Why you need to tell the ATO if you're working overseas


Following the pandemic, many companies have allowed employees to work remotely from any location.

Moving around the globe and working remotely holds many attractions. But working in another country, even for a few months at a time, requires careful thought and planning if people want to avoid being hit with an unexpected tax bill on their return to Australia or while in another country.

Both businesses and employees must therefore be aware of the potential tax implications of remote working arrangements.

Why you need to tell the ATO if you're working overseas

Three overseas work scenarios that require special attention at tax time

There are three particular scenarios where Australians might need to pay extra attention to their personal tax situation.

The first one is when an employee who is living in Australia and their job is based here, but they spend some time in another country as part of their work.

They might not realise that the amount of time they spend overseas is enough to fall within that country's tax regime.

Depending on their circumstances, the time spent overseas and the nature of their employment, they could be liable for personal income tax in the foreign country.

Another situation is where an Australian works for an overseas company but is living here. Their foreign employer might believe they are doing the right thing and deducting income tax for that employee in the other country, but the Australian Taxation Office might view their tax situation differently and think the employee should be paying tax at home.

It's important not to just rely on your employer to know all the taxation rules that govern the income taxation of employees.

The third situation is an employee who is Australian and working for an Australian company but relocates overseas to work remotely for an extended period, or even temporarily. For example, they may have family overseas and move back temporarily to look after a sick parent but keep working for their Australian employer. They may then potentially be liable for income taxes abroad, rather than in Australia.

In these situations it is vital for them to discuss the situation with their employer to avoid tax being deducted and paid to the ATO which may be difficult to claim back in their Australian tax return.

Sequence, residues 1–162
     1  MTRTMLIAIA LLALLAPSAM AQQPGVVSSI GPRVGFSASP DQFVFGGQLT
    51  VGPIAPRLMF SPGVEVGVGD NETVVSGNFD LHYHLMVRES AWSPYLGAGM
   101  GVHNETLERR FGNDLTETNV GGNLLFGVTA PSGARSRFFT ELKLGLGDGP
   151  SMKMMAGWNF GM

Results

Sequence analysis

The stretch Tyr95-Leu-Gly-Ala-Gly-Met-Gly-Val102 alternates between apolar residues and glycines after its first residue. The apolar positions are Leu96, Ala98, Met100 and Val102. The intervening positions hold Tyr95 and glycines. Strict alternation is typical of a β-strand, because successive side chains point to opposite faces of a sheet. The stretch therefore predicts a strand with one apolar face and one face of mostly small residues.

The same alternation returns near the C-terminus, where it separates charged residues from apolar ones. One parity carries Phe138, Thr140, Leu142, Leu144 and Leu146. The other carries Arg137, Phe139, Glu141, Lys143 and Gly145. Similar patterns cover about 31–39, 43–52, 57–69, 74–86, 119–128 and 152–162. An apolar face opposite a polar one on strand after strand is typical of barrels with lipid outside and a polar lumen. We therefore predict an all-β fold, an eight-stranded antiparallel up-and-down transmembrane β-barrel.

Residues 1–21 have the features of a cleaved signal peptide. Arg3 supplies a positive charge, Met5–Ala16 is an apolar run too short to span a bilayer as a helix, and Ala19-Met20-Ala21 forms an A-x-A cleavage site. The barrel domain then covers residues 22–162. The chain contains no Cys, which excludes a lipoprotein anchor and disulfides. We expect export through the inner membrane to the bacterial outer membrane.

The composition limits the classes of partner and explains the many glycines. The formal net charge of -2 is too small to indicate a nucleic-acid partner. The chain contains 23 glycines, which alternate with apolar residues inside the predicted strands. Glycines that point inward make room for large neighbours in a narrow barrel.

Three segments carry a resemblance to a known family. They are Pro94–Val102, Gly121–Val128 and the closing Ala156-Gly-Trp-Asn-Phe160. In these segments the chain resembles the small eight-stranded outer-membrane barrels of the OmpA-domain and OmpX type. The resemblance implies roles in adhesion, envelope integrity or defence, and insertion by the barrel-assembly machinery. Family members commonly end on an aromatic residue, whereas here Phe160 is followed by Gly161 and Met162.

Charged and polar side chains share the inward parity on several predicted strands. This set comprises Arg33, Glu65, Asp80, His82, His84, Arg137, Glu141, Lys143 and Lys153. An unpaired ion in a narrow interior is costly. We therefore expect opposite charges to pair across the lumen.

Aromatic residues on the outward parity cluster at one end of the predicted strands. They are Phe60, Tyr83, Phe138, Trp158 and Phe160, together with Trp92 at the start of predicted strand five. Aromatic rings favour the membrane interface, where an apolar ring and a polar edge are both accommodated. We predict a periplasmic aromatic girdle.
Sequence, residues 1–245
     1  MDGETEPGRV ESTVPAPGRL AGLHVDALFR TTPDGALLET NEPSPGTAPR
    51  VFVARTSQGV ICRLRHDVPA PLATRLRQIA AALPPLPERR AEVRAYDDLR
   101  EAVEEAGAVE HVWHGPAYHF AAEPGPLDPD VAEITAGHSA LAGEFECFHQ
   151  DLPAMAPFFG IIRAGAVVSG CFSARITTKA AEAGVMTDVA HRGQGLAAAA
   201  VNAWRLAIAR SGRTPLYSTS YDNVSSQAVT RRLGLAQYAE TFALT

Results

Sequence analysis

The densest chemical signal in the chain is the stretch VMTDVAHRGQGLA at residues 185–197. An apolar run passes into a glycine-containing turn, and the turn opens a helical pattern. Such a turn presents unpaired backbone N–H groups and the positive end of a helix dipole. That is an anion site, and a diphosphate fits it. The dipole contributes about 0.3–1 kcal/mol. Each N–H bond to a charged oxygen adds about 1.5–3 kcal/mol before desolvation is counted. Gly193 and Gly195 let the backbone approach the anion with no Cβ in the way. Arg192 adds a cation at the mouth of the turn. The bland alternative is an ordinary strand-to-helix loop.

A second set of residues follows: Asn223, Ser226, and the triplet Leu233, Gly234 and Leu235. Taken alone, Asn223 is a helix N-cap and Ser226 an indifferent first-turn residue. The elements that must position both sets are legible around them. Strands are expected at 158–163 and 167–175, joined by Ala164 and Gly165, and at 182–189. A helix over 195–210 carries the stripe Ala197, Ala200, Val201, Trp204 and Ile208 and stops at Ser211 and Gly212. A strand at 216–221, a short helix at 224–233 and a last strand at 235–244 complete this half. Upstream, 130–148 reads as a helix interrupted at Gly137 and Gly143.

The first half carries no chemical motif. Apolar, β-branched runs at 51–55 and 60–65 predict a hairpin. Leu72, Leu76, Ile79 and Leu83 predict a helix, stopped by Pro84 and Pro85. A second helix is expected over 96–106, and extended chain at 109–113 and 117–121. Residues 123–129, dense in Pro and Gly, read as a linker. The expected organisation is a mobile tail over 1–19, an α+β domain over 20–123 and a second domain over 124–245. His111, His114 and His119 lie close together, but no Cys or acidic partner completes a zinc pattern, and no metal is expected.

Professional advice

Companies and individuals should get specific advice both in Australia and in relation to the country to which the person is moving as there may be several taxation factors to consider, both for businesses and for employees.

This planning should be done with taxation adviser experienced in dealing with the tax systems in each country well in advance of any move offshore.

Overseas pensions

Other complications may result when an employee has accrued pension savings abroad.

The pension system in the UK or the US, for example, can create complex tax consequences for locals who worked overseas but are coming back to Australia to live.

People who have been living and working overseas, often on an attractive income, may need to consider how to transfer their pension savings back into the Australian superannuation system.

Foreign tax credits

Yet another common situation is when people have changed tax residency and paid tax in another country; they may be able to claim a credit for the foreign tax paid upon their return but only if they have the proper records and structures in place.

Such considerations need to be carefully thought through to ensure people don't end up in a worse financial position than they started in before they moved offshore or decided to return home to Australia.

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Peter Bembrick is a partner at HLB Mann Judd and a taxation and accounting expert. Peter has over 20 years' tax consulting experience, joining HLB Mann Judd Sydney in 1990 and becoming a partner in 2004, specialising in tax issues. He holds a master of taxation, is a member of the Institute of Chartered Accountants in Australia and a fellow of the Taxation Institute of Australia.